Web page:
And where would WWE and WWS and CW fall?

 

I"m sure there are plenty more...

 

And we go to a co-op. AAAACK. My kids are social animals. If we homeschool 4 days a week, 8 hours a day (we don't), but then spend our 5th day at a co-op, we're not homeschoolers??? My kids love gym. They love putting on plays. Would playing dodgeball by ourselves make us more likely to be considered homeschoolers? Does it matter if our plays are Homeric or Shakespearean?

 

I love that I have a ton of options to homeschool my kids. EAch year, I see more fluff, but also more rigor.

 

Laura

 

I don't think this was really the point of this discussion...who are the "real" homeschoolers, but the influx of crummy materials designed to check a box and say you are finished...even though the material was covered poorly at best.

 

I think as homeschoolers it is wonderful to have an entire arsenal at our fingertips....BUT, we better know the difference between an cap gun and an ouzi!

 

I will use DVDs, outside gym classes, art classes, music lessons, foreign language seminars and what have you....but the crux of our homeschool needs to be home based and mom ( or dad or older sibling) based. The materials we use must conform to our family goals and the individual goals oc each of our children. They must be relevant to the season of life we are in as a family, and the stage of development of our children. There is nothing inherently wrong with using a less" rigorous" program if it fulfills that Childs goals and that families goals...AND will help them into their next academic stage. But to choose a program on the virtue that it is easy and you can check off the box, and trick yourself into believing that you are setting that child up for a top tier school, well, that is not only foolish, but disappointing to both the family and the child.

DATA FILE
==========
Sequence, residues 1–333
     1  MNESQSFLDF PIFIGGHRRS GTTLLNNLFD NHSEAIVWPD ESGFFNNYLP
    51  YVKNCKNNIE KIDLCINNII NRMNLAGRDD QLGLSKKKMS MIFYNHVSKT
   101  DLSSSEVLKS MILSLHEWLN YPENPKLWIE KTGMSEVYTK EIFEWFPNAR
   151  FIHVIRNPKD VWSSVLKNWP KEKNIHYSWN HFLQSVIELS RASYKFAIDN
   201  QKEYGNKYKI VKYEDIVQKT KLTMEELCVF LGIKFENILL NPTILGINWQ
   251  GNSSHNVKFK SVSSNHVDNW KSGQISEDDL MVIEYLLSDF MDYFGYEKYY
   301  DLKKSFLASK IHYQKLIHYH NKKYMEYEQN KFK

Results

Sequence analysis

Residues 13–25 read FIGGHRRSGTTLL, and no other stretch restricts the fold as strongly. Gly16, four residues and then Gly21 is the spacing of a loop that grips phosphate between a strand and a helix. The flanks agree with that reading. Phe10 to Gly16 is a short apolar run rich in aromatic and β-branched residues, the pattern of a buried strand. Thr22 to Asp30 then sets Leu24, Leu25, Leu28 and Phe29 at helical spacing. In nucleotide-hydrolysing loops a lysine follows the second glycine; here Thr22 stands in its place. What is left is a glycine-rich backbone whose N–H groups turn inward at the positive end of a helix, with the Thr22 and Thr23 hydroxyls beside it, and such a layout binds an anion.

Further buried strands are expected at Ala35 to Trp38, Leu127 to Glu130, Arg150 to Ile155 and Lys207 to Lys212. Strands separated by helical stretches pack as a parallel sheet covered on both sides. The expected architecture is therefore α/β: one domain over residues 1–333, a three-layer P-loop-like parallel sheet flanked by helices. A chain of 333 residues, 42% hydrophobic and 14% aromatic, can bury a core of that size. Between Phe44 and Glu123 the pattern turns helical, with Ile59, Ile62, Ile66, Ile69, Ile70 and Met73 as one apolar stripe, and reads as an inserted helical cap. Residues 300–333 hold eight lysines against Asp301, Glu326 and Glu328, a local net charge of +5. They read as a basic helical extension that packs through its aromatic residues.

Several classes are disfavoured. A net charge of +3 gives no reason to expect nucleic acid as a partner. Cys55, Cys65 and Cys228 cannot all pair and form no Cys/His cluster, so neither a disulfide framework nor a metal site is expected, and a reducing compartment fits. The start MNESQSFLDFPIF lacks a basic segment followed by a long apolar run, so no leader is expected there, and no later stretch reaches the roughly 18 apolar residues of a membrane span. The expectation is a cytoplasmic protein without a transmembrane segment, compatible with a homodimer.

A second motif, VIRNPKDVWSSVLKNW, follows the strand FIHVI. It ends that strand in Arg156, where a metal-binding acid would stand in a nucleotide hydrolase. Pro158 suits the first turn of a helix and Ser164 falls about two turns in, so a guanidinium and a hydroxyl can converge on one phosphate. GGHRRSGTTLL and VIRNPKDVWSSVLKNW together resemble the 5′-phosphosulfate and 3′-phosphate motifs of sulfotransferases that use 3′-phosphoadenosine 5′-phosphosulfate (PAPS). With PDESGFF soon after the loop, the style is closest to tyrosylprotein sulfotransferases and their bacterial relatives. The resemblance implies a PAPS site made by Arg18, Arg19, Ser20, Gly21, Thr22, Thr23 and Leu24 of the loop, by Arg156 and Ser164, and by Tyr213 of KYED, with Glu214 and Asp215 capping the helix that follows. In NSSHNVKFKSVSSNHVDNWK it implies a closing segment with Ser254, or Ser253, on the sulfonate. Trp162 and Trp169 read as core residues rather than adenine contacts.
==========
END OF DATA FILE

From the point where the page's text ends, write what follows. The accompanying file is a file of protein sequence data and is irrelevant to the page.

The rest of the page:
I enjoy a great variety to choose from, but it does take some experience to even figure out what you are looking for. That is the wonderful thing about this board. We can save someone else the torture of flinging a crummy program across the room and the money that it cost. We can point each other into a direction, with caring hearts, to the better of what is out there.

 

A four or five day a week co- op is not homeschooling...nor, at the risk of offending anyone is a full load of k-12.....but so what. Maybe that is what is best for that family at that time....that really wasn't the issue of the op. The issue was are homeschool materials being dumbed down...and I have to say yes....because there is definitely a market for those materials. Do we Ned to buy them?? No. We don't. Sometimes it is great to talk loudly with the purse strings.

 

Faithe